By Rick Remender (Writer), Matteo Scalera (Artist), Matthew Wilson (Colorist)
The Story: The Secret Avengers tells Captain America how their latest mission ended and how everything ended and who were the heroes and villains of this story.
The Review: Secret Avengers always had a tough time as a title, ever since its inception. When Ed Brubaker launched the title, we all had huge expectations about just what we’d find in the book, only for us to find that he was not as great at writing team books as he was writing about crime or espionage. Then after came Nick Spencer for the Fear Itself tie-ins, giving us some small stories about some of the more neglected team-members during the first twelve issues. Right after came Warren Ellis with a number of delightful one-shots for six issues, only to leave right after to let Rick Remender on the title.
The expectations were huge on the title. Not only was this the writer of Uncanny X-Force, the smash hit of the time, but he had Gabriel Hardman and some new team members. Taking some of the established points from Uncanny X-Force, most notably Father, Remender tried his best to continue the plot points inserted by other writers before him while making his own story along the way. While it is true it was nowhere near as good as the title that made Rick Remender reputation at Marvel, it is still noteworthy to say that Secret Avengers was still a good book worthy to follow months after months and this final issue is a testament to all of that.
Finishing Father’s story with the nano-mist infection and the rise of the Descendants, Rick Remender does so with panache, giving us plenty of actions with some of the more highlighted characters from his series, like Captain Britain, Hawkeye and Venom. Unfortunately, other characters like Black Widow, Beast and Valkyrie are close to inexistent here, which is a shame considering the fact that the three were part of the title from the very start. Still, what we do get here is fantastic action, with Captain Britain kicking all sort of mechanical gears, Venom resuming his fight with Black Ant and Hawkeye coming to grip with the hard decision of destroying the Descendants.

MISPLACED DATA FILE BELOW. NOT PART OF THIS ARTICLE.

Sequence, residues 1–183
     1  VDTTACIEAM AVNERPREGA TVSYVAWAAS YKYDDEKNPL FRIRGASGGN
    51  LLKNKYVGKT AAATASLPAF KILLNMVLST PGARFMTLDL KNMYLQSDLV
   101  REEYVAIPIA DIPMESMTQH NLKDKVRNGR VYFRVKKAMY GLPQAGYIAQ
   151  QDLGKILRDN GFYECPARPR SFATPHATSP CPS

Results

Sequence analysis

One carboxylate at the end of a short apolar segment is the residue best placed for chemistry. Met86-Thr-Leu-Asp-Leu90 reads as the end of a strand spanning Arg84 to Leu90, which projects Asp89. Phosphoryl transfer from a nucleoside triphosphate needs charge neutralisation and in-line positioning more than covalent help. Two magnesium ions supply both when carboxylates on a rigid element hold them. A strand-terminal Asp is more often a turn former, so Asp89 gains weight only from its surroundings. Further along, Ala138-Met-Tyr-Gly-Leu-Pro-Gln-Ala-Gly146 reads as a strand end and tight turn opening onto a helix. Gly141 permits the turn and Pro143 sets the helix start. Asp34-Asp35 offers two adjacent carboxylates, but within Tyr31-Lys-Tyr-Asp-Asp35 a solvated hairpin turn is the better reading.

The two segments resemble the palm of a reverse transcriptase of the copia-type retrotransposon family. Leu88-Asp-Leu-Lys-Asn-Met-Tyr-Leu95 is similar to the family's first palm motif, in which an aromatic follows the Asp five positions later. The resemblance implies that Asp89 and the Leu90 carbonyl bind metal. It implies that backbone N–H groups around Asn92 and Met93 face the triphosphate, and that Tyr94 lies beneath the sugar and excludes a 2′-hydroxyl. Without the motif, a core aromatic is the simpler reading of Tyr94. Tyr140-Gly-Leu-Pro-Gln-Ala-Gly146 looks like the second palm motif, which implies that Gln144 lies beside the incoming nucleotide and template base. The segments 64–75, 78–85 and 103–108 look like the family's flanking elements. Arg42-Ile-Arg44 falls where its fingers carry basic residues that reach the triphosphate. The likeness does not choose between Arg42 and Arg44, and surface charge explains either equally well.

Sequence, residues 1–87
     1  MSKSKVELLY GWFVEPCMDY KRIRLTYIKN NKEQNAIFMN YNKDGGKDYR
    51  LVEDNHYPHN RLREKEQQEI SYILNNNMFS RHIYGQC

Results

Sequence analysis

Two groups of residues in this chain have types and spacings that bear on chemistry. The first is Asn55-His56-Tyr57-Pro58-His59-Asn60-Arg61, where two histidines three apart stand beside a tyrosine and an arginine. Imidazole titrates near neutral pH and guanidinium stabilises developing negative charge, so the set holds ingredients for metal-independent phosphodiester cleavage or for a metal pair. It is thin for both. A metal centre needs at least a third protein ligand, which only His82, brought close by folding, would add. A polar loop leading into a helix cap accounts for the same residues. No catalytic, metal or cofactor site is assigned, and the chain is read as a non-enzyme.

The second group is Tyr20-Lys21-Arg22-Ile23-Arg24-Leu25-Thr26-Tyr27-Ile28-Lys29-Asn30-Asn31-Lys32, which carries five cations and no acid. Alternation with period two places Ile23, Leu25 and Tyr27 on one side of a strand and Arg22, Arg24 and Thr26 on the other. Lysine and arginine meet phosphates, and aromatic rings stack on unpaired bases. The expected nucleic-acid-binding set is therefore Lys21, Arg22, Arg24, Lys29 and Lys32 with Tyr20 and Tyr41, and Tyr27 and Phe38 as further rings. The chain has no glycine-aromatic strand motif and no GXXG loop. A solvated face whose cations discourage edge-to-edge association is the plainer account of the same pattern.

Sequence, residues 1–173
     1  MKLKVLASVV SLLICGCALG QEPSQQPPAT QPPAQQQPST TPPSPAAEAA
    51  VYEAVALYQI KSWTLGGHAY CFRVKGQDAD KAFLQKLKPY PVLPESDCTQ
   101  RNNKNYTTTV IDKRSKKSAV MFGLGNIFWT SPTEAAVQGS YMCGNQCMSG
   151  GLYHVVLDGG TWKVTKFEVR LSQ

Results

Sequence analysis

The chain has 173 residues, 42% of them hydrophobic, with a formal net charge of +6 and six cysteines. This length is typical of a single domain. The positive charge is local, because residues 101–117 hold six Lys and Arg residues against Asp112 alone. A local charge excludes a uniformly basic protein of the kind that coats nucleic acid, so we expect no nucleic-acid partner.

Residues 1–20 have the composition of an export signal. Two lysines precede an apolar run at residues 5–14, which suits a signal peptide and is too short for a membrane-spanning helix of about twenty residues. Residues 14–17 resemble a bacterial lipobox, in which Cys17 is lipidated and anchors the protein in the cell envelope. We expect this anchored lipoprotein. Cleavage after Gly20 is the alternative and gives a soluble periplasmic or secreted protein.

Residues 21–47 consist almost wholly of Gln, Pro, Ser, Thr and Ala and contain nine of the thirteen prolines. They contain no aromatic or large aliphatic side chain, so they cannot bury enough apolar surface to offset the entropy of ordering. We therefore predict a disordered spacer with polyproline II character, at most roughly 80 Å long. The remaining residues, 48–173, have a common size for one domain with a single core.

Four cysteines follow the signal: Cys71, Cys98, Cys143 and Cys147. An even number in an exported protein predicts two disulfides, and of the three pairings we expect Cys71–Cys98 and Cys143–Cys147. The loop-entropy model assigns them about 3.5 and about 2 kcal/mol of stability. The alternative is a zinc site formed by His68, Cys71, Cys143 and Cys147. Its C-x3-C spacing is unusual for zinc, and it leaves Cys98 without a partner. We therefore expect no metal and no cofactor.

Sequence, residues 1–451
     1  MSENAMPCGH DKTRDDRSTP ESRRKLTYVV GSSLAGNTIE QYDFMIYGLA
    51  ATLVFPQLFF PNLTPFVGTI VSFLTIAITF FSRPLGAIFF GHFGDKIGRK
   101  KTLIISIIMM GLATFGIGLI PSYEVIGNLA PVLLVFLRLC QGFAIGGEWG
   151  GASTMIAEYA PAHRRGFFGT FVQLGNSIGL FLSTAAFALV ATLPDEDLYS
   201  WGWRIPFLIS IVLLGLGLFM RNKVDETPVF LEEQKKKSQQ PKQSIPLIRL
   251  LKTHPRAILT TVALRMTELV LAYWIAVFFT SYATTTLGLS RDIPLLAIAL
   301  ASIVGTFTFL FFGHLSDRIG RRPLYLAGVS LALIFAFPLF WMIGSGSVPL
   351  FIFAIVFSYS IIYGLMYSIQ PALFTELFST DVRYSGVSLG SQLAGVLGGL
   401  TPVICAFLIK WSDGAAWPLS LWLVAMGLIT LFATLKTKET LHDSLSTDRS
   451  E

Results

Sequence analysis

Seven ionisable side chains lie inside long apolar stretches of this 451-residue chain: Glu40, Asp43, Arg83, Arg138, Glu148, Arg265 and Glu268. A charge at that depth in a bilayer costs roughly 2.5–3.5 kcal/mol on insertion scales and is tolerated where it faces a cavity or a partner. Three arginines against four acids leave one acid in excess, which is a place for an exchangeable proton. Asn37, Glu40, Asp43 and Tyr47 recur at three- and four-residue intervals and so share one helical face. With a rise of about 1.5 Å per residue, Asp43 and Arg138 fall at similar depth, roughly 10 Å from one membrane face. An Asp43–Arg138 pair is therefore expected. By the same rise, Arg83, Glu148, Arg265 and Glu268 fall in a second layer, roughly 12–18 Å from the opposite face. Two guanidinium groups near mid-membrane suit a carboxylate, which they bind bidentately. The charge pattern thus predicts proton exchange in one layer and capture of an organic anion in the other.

All of these scenes contribute to the tension, even though we do know they make out of it okay considering the very first scene of the comic. There are some very nervous scenes in the comics, especially with Hawkeye and his view of the critical decision he has to do. The way it is written and presented, it makes for a great scene, cementing it with the dialogue and the way the panels are zooming on the key elements. It seems that Rick Remender always has key elements in his mind, be it characters, specific actions or concepts, it makes his work seem very continuous and seamless. Right in this finale, he has placed at least three plot points that could be exploited in further series of his or in the entire Marvel universe. It makes me hope that his contributions will be seen in other titles or at least continued by other writers.
One contributor that was seen, however, was Matteo Scalera who had taken the art duty in a line of artists that had worked on this title, with the list containing names like Mike Deodato Jr., Gabriel Hardman, Stuart Immonen, Kev Walker and so forth. From my point of view, he brought his own style to this title and demarked himself from the other, bringing a unique vision to the title. Considering the fact that the book evolved from heavy spy stories to full action book under Rick Remender tenure, his art fitted the bill well enough with his big sense of scale and his energy in the action department. Some of his faces might have been wonky, but they drove the point home, something that not every artist can do. Accompanied by Matthew Wilson chaotic yet fitting colors, the book never looked stale.
The Conclusion: A good and fitting conclusion to a series that had it rough. Full of potential for other stories and filled with great scenes… Rick Remender, Matteo Scalera and Matthew Wilson did a great job on the title and it is something that deserves to be remembered as the ambitious storyline it was.
-Hugo Robberts Larivière